New Hardcover Nonfiction
Books in this online selection represent only a sliver of what we offer in the store. If you've got a particular book in mind and want to check on its availability, call us at 415-362-8193.

   
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Wear Your Dreams
My Life in Tattoos
Ed Hardy
This is a fascinating look into the life of a legend – his beginnings, his rise to fame in the 60's and 70's, and beyond. Written in a stream of consciousness type of format, it’s easily digestible and provides valuable insight into the world of tattooing. If you’re a tattoo fanatic, this is a must-MUST-read. —Recommended by Anah, City Lights
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The Ancient Greek Hero in 24 Hours
The ancient Greeks' concept of "the hero" was very different from what we understand by the term today, Gregory Nagy argues—and it is only through analyzing their historical contexts that we can truly understand Achilles, Odysseus, Oedipus, and Herakles.In Greek tradition, a hero was a human, male or female, of the remote past, who was endowed...
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Tesla
Inventor of the Electrical Age
W. Bernard Carlson
Nikola Tesla was a major contributor to the electrical revolution that transformed daily life at the turn of the twentieth century. His inventions, patents, and theoretical work formed the basis of modern AC electricity, and contributed to the...
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The Autistic Brain
Thinking Across the Spectrum
Temple Grandin
A cutting-edge account of the latest science of autism, from the best-selling author and advocate When Temple Grandin was born in 1947, autism had only just been named. Today it is more prevalent than ever, with one in 88 children diagnosed on the...
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Mingus Speaks
John F. Goodman
A sun speaks. At times promethean, hilarious, and vexing, this is Mingus as spontaneous combustion. The music is in his words.—Recommended by Scott, City Lights Books
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The Lost Art of Finding Our Way
John Edward Huth
Long before GPS, Google Earth, and global transit, humans traveled vast distances using only environmental clues and simple instruments. John Huth asks what is lost when modern technology substitutes for our innate capacity to find our way...
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Who Owns the Future?
Jaron Lanier
The DazzlingNew Masterwork from the Prophet of Silicon Valley.
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A Great and Monstrous Thing
London in the Eighteenth Century
Jerry White
London in the eighteenth century was a new city, risen from the ashes of the Great Fire of 1666 that had destroyed half its homes and great public buildings. The century that followed was an era of vigorous expansion and large-scale projects, of...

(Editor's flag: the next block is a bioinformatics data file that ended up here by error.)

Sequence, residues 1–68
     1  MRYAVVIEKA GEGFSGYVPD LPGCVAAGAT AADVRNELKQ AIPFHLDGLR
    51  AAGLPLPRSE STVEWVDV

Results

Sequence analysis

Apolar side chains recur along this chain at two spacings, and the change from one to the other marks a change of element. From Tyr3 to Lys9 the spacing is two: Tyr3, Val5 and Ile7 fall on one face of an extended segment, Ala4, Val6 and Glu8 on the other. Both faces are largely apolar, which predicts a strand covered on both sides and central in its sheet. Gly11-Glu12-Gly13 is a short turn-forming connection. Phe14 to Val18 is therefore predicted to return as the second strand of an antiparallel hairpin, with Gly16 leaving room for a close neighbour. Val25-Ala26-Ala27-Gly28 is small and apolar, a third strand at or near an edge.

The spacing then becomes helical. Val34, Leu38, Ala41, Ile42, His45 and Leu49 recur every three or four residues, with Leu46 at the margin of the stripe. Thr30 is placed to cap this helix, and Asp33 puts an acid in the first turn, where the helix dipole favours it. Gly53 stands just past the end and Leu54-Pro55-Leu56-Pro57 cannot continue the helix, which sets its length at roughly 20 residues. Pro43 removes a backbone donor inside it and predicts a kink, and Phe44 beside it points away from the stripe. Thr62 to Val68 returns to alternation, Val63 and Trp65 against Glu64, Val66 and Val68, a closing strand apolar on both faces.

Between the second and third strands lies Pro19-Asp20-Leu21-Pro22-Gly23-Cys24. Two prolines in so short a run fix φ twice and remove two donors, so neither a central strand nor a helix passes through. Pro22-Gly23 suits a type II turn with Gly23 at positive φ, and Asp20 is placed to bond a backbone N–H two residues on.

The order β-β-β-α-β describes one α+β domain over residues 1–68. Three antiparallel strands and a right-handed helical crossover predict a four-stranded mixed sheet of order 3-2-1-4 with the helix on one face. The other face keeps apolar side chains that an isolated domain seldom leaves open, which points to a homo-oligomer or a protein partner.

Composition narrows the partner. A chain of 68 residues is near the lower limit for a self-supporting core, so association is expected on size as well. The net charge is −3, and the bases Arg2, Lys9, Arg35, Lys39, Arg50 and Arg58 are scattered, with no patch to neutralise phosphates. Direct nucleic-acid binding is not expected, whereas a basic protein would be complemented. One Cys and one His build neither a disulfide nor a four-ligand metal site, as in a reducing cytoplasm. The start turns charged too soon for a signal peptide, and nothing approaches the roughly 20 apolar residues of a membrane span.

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In the House of the Interpreter
A Memoir
Ngugi Wa'Thiong'O
Ngugi wa Thiong'o is a writer who has lived through extraordinary times. In the House of the Interpreter tells the story of his schooldays in Kenya against the backdrop of the intensification of the struggle for independence.
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Both Flesh & Not
Essays
David Foster Wallace
David Foster Wallace was beloved for his inimitable voice and wit-and, for many of his readers, admired as much for his astonishingly perceptive and inventive essays as he was for his fiction. Both Flesh and Not gathers fifteen of Wallace's seminal...
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Two Cheers For Anarchism
Six Easy Pieces on Autonomy, Dignity, and Meaningful Work and Play
James C. Scott
James Scott taught us what's wrong with seeing like a state. Now, in his most accessible and personal book to date, the acclaimed social scientist makes the case for seeing like an anarchist. Inspired by the core anarchist faith in the possibilities of..
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Many Subtle Channels
In Praise of Potential Literature
Daniel Levin Becker
This book presents us with Oulipo—the mischievous group of writers whose obsession with words knows no limits. Levin Becker expertly describes the members of the group, each one uniquely working to devise linguistic puzzles to write within.
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Blue Nights
Joan Didion
From one of our most powerful writers, a work of stunning frankness about losing a daughter. Richly textured with bits of her own childhood and married life with her husband, John Gregory Dunne, and daughter, Quintana Roo, this new book by Joan...
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Confessions of a Young Novelist (The Richard Ellmann Lectures in Modern Literature)
Umberto Eco
Umberto Eco published his first novel, The Name of the Rose, in 1980, when he was nearly fifty. In these "confessions," the author, now in his late seventies, looks back on his long career as a theorist and his more recent work as a novelist...

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